3 Watertown Residents Keep Their Gymnastic Careers Going as Adults, Compete at Nationals

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Watertown residents Meredith Rogers, Mia Lazarewicz, and Sklyer Kelemen competed at the 2023 NAIGC Nationals.

Watertown residents Meredith Rogers, Mia Lazarewicz, and Sklyer Kelemen competed at the 2023 NAIGC Nationals.

Three Watertown residents recently traveled to Memphis to compete in the sport they have loved since they were young girls.

Meredith Rogers, Skyler Kelemen and Mia Lazarewicz represented Jurassic Gymnastics at the 2023 NAIGC (National Association of Intercollegiate Gymnastics Clubs) Nationals from March 30 to April 1.

All three gymnasts have competed in several nationals. Kelemen first competed at the NAIGC meet in 2017 and has competed in four, Rogers has been to a dozen and first went to the Nationals in 2006 when she was a college freshman, and for Lazarewicz it was her 16th time competing at Nationals, having first competed in 2003.

Lazarewicz and Kelemen competed in the Community Division Level 8, where Lazarewicz finished fourth on uneven bars in preliminaries which qualified to event finals where she finished third. Rogers qualified for vault, uneven bars, balance beam and floor exercise event finals in the Community Division Level 9. She finished third on vault, ninth on uneven bars, sixth on floor exercise, and won the balance beam event title. 

Despite years of experience, Rogers said she still gets a touch of the nerves at the big meet.

“When I’m competing, it’s nerve wracking. Even though I’ve been competing for close to 30 years, I still get nervous,” Rogers said. “Those nerves are amplified when it’s the biggest competition of the year.”

Being at the a gathering of thousands of other adult gymnasts is inspiring, Kelemen

“At nationals we are reminded that our robust New England adult gymnastics community is just a small piece of the overall adult gymnastics world! I love seeing cool new skills and routines, and witnessing and cheering on all of the small victories across all events and levels,” she said.

Lazarewicz added: “It’s always exciting to be a part of any huge gymnastics competition — you get to see such a wide variety of skills and abilities,” she said. “But it’s extra cool when it’s adults; people with careers and kids and obligations. There is a fantastic camaraderie among adults who are willing to put on a leotard and show off their skills, no matter what level those skills are.”

Rogers said that many people think that people’s gymnastics career ends after high school or college.

“This competition proves it doesn’t. There’s people in their 50s competing, people with children and full time careers,” she said. “It’s inspiring to see us all come together because of our love for the sport.”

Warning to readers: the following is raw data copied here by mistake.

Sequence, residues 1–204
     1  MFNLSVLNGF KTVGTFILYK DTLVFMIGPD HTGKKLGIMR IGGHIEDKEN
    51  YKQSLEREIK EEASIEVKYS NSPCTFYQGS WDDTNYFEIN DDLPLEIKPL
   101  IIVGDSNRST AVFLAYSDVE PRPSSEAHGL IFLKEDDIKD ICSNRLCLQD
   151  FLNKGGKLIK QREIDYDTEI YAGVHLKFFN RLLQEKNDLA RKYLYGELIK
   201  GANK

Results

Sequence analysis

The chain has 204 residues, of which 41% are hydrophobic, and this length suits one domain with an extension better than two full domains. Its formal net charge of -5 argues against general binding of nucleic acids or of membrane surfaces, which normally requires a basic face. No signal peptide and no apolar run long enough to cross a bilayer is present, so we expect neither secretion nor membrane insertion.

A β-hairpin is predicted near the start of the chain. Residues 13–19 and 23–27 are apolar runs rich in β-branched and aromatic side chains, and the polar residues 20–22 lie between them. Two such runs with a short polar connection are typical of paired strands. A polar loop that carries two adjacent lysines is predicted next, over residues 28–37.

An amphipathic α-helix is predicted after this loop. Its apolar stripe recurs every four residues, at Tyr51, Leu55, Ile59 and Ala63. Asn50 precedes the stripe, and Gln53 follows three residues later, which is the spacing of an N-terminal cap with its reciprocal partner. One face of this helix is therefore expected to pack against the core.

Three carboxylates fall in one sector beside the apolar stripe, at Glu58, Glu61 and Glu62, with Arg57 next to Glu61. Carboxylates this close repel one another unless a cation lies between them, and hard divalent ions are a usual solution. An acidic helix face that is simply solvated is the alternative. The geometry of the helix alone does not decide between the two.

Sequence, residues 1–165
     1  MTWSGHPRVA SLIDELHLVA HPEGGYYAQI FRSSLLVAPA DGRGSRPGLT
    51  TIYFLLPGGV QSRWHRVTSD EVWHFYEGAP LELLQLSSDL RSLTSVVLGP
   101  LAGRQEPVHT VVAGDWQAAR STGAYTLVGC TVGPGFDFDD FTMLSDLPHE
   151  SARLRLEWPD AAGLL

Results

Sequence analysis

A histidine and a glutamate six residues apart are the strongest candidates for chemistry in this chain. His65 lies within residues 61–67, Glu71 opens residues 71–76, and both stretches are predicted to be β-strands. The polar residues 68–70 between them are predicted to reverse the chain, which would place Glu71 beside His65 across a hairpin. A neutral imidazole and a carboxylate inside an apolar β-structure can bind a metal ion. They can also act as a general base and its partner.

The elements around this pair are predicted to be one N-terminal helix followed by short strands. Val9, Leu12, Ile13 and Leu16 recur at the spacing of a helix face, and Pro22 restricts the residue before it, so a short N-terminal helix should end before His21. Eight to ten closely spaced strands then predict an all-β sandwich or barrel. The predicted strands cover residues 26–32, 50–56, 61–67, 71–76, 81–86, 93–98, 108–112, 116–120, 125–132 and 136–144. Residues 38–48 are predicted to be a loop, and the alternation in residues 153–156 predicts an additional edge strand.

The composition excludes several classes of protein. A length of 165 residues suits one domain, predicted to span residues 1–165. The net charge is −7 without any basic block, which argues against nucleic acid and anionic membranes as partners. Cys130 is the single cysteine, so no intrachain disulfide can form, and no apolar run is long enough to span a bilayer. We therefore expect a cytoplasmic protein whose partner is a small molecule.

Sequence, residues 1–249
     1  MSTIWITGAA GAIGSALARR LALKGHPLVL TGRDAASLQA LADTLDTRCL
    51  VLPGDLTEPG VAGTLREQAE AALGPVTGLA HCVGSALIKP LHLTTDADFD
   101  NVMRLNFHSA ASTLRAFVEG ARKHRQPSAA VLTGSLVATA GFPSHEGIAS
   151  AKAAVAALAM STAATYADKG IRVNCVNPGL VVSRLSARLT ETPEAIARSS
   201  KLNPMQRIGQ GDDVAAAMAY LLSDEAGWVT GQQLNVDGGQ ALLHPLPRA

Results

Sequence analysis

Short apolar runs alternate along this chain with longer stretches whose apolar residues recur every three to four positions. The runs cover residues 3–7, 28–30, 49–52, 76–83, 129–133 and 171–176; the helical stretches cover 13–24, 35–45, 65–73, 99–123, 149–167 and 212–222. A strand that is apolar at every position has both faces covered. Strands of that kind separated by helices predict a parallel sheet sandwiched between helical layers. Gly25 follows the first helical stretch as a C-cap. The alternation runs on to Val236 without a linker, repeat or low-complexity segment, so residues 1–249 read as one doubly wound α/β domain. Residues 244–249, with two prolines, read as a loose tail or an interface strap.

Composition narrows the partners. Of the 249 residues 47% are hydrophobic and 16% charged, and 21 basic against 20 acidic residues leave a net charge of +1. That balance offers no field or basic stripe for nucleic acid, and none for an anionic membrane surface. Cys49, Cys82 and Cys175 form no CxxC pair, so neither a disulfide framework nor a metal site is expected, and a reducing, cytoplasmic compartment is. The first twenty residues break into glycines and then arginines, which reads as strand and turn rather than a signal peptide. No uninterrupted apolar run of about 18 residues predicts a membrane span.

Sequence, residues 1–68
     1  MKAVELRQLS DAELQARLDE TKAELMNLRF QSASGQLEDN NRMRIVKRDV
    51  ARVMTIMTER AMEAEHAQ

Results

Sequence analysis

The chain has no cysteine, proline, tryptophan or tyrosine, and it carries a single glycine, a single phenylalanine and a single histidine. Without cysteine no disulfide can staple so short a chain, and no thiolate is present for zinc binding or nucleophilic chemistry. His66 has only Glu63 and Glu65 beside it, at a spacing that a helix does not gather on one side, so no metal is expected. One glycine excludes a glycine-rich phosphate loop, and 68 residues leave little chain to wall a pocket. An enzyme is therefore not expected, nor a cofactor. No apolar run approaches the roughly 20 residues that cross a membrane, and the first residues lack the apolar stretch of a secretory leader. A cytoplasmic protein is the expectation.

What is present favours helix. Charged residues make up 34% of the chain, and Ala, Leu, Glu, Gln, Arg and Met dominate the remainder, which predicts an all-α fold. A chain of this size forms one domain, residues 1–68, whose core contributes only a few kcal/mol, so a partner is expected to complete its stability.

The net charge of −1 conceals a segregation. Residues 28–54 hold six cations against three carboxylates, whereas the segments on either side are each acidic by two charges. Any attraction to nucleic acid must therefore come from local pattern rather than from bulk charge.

Each of the three have been gymnasts since they were young. Rogers was enrolled in a class at her local YMCA when she was 5, and began competing at age 8. Kelemen took part in competitive gymnastics for 10 years as a child, until a “career-ending” injury when when was 15, but she has extended her career in gymnastics as an adult. Lazarewicz began gymnastics at age 4 and competed on a “fairly high level” through high school, and added “I assumed I would be finished then, but that was 21 years ago now!”

Meredith Rogers, Mia Lazarewicz and Sklyer Kelemen compete for Cambridge-based Jurassic Gymnastics.

They found a team to compete with as adults that began in 2011, but dissolved during the Pandemic. In 2021, members of the former organization created Jurassic Gymnastics, based in Cambridge. Kelemen and Rogers serve on the board of directors.

“All of us found the previous organization through the internet, though today we get many new members via word of mouth or gymnasts who are familiar with Jurassic from seeing the team at competitions and then move to Boston for educational or professional reasons,” Rogers said. 

Jurassic welcomes team members with a wide variety of skills, talent, and experience. Potential new members must be able to comfortably and safely program and execute their own workouts. Multiple members did not begin gymnastics until they were in their 20s, but many were gymnasts as children and returned to the sport. See more at https://www.jurassicgymnastics.org/

The NAIGC is a 501(c)3 non-profit organization whose primary purpose is to support adult club gymnastics in the United States. Club membership in the NAIGC is open to any adult gymnastics club in the United States, including collegiate clubs. Individual membership is open to anyone with an interest in adult gymnastics. Find out more at https://naigc.org/

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